Increased prescription rates of anxiolytics and hypnotics to survivors of cancer in childhood, adolescence, and young adulthood—A population-based study

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Survivors of cancer diagnosed in childhood, adolescence, or young adulthood (CAYACS) risk psychological morbidities later in life. The study compares prescription rates of anxiolytics and hypnotics among survivors to rates in age- and gender-matched controls.


The population-based cohort included 5,341 cancer survivors, diagnosed ≤25 years of age during 1965–2000. For each survivor, three age- and gender-matched controls were randomly selected from the general population. Data were identified from the Norwegian Cancer and Population registries and linked to the Norwegian Prescription Database. A Cox proportional hazard model was applied to estimate hazard ratios (HRs) of prescriptions during 2004–2012 to the survivors with controls as referents.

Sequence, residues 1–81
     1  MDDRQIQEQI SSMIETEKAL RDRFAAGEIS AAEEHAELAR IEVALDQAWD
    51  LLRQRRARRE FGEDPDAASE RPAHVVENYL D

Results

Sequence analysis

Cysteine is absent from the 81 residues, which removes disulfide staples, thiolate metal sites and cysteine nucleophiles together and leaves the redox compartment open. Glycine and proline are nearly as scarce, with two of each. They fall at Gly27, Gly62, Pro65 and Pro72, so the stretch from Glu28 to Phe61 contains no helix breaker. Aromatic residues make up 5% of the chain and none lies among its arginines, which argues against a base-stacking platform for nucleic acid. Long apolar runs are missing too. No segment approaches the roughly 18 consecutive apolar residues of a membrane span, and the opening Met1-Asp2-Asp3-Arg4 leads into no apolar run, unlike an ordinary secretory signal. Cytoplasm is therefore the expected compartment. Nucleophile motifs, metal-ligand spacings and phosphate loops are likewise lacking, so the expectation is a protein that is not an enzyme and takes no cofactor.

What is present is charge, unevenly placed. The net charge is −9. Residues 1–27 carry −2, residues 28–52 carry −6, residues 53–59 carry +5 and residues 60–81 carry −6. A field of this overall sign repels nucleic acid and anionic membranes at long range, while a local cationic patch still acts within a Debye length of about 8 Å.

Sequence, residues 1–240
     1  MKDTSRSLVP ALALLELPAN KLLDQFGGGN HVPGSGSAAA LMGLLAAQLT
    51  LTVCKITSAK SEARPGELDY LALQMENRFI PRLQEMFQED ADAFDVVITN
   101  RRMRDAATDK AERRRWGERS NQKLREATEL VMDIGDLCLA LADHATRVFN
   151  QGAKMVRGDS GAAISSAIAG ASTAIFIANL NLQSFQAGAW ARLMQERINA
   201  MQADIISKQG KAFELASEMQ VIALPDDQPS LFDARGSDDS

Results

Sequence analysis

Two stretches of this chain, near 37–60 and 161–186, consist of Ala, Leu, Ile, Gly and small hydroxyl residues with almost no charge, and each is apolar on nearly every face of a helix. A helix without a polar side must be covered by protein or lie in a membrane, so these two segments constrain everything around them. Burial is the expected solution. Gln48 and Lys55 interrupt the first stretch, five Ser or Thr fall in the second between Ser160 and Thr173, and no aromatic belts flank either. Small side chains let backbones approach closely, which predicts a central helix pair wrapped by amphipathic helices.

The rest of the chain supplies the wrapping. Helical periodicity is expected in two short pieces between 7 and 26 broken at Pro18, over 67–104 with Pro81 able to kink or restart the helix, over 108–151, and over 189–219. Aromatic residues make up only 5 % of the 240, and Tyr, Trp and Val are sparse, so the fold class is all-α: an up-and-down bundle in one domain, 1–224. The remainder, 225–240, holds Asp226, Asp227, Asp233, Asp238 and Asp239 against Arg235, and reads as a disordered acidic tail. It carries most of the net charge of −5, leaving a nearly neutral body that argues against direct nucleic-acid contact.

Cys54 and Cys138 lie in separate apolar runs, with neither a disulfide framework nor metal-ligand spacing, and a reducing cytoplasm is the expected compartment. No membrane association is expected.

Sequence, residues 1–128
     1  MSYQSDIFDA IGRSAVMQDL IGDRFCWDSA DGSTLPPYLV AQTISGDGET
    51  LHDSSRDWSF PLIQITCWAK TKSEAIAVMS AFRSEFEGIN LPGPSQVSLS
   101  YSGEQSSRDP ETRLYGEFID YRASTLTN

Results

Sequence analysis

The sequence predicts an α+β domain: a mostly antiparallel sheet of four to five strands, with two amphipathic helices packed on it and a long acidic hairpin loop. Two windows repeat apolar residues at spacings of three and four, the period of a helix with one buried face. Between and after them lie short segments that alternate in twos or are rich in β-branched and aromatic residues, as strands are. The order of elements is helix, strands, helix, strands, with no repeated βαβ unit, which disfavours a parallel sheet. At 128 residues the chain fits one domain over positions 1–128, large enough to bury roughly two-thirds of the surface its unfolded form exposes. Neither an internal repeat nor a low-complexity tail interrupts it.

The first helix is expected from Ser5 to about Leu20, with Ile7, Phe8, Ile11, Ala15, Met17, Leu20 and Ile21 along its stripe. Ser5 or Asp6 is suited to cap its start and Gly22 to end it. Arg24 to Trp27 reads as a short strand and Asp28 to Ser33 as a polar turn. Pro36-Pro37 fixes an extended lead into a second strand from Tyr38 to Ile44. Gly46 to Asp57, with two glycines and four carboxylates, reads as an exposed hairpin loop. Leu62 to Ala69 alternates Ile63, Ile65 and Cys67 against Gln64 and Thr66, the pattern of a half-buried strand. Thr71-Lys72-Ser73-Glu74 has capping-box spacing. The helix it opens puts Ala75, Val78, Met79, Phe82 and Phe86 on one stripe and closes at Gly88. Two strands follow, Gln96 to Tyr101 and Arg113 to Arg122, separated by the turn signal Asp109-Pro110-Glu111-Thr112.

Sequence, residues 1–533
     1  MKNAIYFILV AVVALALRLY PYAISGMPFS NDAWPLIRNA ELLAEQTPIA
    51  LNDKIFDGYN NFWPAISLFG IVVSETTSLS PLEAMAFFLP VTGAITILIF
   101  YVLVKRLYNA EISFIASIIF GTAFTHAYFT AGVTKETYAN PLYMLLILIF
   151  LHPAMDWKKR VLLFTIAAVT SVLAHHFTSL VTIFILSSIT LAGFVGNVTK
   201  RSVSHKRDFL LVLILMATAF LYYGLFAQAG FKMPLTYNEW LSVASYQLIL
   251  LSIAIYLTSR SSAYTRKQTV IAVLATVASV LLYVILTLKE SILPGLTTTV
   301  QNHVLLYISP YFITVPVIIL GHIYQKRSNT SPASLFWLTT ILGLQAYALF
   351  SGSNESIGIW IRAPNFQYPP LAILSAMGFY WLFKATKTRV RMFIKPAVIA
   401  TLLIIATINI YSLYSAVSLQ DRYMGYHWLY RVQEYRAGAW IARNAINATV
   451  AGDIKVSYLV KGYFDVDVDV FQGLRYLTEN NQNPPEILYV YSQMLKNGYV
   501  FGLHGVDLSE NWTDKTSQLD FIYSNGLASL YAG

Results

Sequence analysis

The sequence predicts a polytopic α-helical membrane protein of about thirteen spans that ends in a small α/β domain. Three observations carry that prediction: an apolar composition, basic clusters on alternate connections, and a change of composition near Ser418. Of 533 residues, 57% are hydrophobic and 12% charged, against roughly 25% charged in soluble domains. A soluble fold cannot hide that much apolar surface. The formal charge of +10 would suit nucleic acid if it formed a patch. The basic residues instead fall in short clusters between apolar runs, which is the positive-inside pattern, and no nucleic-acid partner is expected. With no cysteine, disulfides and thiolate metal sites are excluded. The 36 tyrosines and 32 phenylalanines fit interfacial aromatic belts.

Survivors had an increased risk of being prescribed anxiolytics with crude rates of 16.9/1,000 person years compared to 11.8/1,000 person years in controls (HR 1.41; 95% confidence interval [CI] 1.29–1.54). The relative risk was highest for survivors of neuroblastomas (HR 2.62; 95% CI 1.11–6.16), bone tumors (HR 2.00; 95% CI 1.26–3.18), and central nervous system tumors (HR 1.90; 95% CI 1.40–2.51). The risk of being prescribed hypnotics was increased with crude rates of 20.8/1,000 person years compared to 14.3/1,000 person years in controls (HR 1.44; 95% CI 1.32–1.56). The relative risk was highest for survivors of gastrointestinal tumors (HR 1.80; 95% CI 1.04–3.10), leukemias (HR 1.78; 95% CI 1.32–2.38), and soft tissue cancers (HR 1.70; 95% CI 1.09–2.64).


Certain groups of CAYACS have an increased risk for being prescribed anxiolytics or hypnotics compared to controls. Diagnostic reasons for prescriptions are unknown, but the results indicate an increased emotional burden among these groups of survivors.

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